Churches To Be LEGALLY BARRED From This Activity?

( – Two state-sponsored measures would abolish the Catholic Church’s access to the right of private confession, which protects priests’ ability to withhold confessional materials. Catholics worry that religious freedom safeguards might erode.

HB 74 by Representative Eric Morrison (D-DE) and Senate Bill 16 by Senator Richard Sears (D-VT) were written to prevent child abuse. The bill would bar clergy from claiming privileged confessions about child neglect or abuse.

A Catholic in confession admits their sins privately to their priest for forgiveness. Confession is one of the church’s sacraments, and disclosing knowledge by a priest is punished by excommunication.

Since confession is neither counseling, dialogue, nor group therapy, Catholics are targeted for their sacred beliefs. The priest represents Christ in confession. Priests would be imprisoned before revealing a congregant’s sins, which would persecute the Catholic church.

Dominican Friar Father Aquinas Guilbeau said, according to Catholic doctrine, this is a personal devotional act between God and the individual. 

After missing a March 17 committee deadline, Sears stated that his measure would die this year in Vermont but not next year.

Morrison argued that his legislation was for the safety of children. All Delaware citizens should be aware of any reports of neglect and abuse.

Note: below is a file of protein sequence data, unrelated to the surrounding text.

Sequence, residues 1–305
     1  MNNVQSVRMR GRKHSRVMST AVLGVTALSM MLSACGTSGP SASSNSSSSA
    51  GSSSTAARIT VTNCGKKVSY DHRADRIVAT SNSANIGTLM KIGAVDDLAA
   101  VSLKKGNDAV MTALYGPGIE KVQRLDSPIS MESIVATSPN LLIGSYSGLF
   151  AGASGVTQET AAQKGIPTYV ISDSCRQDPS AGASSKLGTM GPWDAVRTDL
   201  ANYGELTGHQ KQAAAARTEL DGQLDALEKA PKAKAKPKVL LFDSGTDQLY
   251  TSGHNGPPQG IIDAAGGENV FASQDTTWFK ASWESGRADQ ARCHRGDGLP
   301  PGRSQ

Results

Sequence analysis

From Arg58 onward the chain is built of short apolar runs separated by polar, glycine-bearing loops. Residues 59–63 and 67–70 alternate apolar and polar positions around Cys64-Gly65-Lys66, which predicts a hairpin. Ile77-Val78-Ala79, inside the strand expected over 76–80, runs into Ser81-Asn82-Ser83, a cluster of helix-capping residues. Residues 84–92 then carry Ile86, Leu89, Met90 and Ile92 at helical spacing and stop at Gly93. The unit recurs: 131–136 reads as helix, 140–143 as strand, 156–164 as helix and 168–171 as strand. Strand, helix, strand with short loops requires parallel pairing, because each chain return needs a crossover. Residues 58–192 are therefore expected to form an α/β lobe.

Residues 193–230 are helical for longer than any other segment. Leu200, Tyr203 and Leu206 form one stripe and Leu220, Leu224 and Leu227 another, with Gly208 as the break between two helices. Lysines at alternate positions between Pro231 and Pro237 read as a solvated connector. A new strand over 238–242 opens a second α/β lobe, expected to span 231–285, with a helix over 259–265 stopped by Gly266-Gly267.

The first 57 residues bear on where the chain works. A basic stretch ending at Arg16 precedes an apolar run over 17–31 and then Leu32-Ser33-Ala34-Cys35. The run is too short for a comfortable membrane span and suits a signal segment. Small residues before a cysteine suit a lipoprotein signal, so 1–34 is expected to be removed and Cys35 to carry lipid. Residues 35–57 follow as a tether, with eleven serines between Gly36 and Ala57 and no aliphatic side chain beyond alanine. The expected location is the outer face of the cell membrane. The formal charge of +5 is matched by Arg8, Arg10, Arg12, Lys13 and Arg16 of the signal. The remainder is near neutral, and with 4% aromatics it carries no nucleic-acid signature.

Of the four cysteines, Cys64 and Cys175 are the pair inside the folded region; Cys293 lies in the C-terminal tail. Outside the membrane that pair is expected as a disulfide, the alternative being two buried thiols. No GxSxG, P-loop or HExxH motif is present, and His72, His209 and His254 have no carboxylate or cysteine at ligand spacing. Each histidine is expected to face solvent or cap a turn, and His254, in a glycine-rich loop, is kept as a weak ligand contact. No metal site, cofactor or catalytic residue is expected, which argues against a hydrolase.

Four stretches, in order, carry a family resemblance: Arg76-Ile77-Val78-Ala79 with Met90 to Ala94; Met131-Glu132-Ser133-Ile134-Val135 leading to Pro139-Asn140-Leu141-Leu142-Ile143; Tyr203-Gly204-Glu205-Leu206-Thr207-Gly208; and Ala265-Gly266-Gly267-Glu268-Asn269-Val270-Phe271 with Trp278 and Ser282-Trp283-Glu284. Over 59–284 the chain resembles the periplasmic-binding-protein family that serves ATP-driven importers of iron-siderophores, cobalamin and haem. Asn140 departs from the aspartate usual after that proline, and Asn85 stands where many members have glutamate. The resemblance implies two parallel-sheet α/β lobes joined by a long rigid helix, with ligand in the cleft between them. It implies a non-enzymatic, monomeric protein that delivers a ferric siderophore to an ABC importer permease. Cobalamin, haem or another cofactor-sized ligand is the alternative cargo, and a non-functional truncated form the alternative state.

Andrea Picciotti-Bayer, Conscience Project director, claimed these measures would not prevent misuse. She hasn’t seen evidence at all that private confessions have hindered child or domestic abuse prosecutions.

Canon lawyer Ed Condon predicted the proposals would fail. He stated these measures fail as they are unenforceable. To ensure the priest reports abuse, a police officer would have to enter the confessional, which they are not allowed to do.

CatholicVote president Brian Burch claimed that the purpose is to destroy the Catholic Church, to decrease its position in society, and to undercut its attempts to fulfill the requirements of its people in support of a severe secular makeover of the church’s culture.

Guilbeau stated Catholic priests have often shown they would sooner go to prison than break the right of private confession.

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